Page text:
I can hear the sirens calling me from W1

I wake early in the summer: the curtain does not fully go across the bedroom window and the traffic in W1, which I get to hear a lot of because I like to sleep with the window open, starts by around 6am. There are also the seagulls, who have wearied of the sea and now wheel and caw miles inland where I thought they had no business. They seem alien and more invasive when in London and I wish I hadn't shown the children The Birds the other week. Not for their sake; for mine. (The film's slow build-up was beginning to oppress the youngest one and then he saw the man in his pyjamas with his eyes pecked out. "Cool," he said, and now lists it as one of his favourites.)

But that's not the main gripe. The worst part about living in W1 is the sirens. I remember, many years ago, when I first went to New York: the police cars really did make that sound! They didn't go "nee-nar nee-nar" like our own tinpot, unarmed police. (New Yorkers also had push-button phones and air-conditioning, the novelty of each of which makes it possible to date me to mid-20th-century vintage.) Nowadays, though, I wonder whether it might not be a good idea to return to a simpler, gentler age when, if you wanted to let the Lavender Hill Mob know you were after them, you blew your whistles and rang a little bell on the roof. As I lie awake one morning at about 6.30, trembling slightly at the thought of another day, already a bit of a nervous wreck, a siren goes off right beneath my window. I am two floors up, but this feels really loud, as if I have a police car in bed with me.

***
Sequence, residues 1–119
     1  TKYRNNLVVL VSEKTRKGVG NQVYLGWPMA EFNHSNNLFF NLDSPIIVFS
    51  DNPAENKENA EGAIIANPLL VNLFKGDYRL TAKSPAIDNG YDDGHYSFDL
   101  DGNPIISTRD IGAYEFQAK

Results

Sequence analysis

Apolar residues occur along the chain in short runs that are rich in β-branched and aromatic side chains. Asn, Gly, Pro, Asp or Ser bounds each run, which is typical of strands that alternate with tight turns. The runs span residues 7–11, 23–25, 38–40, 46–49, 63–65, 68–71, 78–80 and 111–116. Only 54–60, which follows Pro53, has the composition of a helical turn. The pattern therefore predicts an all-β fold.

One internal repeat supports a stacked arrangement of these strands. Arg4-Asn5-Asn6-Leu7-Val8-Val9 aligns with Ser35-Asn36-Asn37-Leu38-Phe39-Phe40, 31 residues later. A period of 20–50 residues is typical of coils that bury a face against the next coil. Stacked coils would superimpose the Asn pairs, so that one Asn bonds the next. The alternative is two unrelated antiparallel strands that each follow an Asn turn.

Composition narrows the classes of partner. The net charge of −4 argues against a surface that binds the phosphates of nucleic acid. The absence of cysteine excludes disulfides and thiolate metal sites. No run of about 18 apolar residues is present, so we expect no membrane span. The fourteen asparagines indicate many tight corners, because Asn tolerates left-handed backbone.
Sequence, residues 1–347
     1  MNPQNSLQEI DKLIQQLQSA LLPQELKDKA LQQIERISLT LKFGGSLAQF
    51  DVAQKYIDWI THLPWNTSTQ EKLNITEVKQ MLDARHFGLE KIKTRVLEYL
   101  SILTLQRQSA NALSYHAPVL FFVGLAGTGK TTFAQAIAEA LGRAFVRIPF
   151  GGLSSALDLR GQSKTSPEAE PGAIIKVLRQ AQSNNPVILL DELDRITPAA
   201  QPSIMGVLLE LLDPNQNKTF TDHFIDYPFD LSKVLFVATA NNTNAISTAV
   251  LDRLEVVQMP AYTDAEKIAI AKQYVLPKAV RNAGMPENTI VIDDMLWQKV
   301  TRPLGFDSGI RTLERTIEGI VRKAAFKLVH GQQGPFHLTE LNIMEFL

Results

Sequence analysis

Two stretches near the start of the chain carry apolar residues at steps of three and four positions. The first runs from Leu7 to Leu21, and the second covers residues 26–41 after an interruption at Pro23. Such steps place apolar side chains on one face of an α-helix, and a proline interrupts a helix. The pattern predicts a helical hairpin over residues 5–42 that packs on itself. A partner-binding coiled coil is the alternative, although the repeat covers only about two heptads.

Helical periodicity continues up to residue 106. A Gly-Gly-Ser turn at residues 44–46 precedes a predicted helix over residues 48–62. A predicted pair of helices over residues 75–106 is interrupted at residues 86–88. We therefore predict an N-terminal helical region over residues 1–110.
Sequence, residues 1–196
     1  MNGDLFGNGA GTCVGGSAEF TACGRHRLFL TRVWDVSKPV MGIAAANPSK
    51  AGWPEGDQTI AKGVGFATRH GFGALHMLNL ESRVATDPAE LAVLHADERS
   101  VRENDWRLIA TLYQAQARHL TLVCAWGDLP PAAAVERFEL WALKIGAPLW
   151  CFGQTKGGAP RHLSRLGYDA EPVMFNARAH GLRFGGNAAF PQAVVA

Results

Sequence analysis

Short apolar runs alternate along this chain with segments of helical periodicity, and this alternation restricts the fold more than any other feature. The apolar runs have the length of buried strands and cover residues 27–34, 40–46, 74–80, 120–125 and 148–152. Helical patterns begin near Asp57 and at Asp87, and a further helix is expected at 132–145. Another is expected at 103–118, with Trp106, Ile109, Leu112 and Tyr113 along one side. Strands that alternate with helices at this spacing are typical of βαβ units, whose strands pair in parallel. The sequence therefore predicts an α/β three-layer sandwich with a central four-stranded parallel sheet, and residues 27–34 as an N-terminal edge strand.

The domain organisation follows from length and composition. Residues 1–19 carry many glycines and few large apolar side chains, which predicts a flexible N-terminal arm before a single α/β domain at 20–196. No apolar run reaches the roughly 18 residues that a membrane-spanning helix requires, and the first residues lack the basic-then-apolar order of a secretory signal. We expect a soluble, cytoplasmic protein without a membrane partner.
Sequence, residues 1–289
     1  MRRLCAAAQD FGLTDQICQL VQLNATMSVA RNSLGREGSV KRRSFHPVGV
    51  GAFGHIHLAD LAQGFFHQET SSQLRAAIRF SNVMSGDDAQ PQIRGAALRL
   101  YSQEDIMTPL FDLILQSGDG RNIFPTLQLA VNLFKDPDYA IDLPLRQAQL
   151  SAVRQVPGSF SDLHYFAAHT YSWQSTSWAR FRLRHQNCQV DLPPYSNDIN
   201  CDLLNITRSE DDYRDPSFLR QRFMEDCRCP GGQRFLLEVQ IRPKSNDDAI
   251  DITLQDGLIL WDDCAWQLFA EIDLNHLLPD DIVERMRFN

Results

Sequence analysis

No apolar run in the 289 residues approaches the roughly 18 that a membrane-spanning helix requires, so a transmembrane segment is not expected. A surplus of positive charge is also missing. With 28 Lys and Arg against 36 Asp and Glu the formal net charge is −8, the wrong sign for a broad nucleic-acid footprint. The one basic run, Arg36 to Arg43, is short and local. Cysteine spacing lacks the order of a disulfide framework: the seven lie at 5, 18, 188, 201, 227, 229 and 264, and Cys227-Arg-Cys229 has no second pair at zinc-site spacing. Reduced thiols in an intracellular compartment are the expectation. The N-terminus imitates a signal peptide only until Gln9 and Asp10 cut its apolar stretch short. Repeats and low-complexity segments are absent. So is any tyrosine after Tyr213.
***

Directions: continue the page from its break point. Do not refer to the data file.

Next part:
Ambulance attack

It might not have been a police car. I have come to notice the subtle differences between the various sirens of the emergency services, and have been surprised to note that whereas a police car tends to start off ever so slightly more gradually, with a "waa" sound, those new ambulances, which look as though they are carrying bullion rather than people, have a much more aggressive blast, beginning with a consonantal "BWAA", which the other morning made me jump out of my skin and is probably going to kill me one day. I wonder if the ambulance drivers know that on their dashboards they have the power to leave a trail of heart-attack victims in their wake. You know what? I suspect they do and they consider it great sport.